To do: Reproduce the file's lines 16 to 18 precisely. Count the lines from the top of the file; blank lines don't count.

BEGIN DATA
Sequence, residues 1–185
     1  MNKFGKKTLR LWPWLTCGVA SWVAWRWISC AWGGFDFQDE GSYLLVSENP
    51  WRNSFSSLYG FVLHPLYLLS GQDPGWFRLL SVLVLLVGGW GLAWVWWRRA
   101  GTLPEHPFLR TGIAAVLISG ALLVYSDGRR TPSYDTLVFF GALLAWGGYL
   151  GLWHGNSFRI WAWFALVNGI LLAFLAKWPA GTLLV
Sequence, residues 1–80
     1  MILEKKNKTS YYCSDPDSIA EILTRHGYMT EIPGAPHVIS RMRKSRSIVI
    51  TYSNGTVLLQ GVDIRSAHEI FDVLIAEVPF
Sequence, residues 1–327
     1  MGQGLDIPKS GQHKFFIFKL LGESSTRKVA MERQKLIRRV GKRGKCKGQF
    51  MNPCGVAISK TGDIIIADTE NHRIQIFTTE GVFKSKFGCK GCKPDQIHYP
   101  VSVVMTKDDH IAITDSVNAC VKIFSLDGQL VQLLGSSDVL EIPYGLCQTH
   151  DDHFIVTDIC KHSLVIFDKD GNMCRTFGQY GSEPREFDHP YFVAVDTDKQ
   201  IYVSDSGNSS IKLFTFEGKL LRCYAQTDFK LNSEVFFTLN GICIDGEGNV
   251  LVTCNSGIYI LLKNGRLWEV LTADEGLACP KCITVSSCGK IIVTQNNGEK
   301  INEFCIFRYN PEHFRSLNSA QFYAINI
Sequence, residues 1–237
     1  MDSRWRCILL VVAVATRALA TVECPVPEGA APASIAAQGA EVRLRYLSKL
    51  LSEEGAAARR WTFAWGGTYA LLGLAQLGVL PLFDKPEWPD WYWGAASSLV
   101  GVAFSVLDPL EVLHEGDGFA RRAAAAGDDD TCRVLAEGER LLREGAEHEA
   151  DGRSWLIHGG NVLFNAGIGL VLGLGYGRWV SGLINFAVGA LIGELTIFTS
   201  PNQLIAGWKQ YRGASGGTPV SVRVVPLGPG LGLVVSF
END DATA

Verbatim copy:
   301  INEFCIFRYN PEHFRSLNSA QFYAINI
Sequence, residues 1–237
     1  MDSRWRCILL VVAVATRALA TVECPVPEGA APASIAAQGA EVRLRYLSKL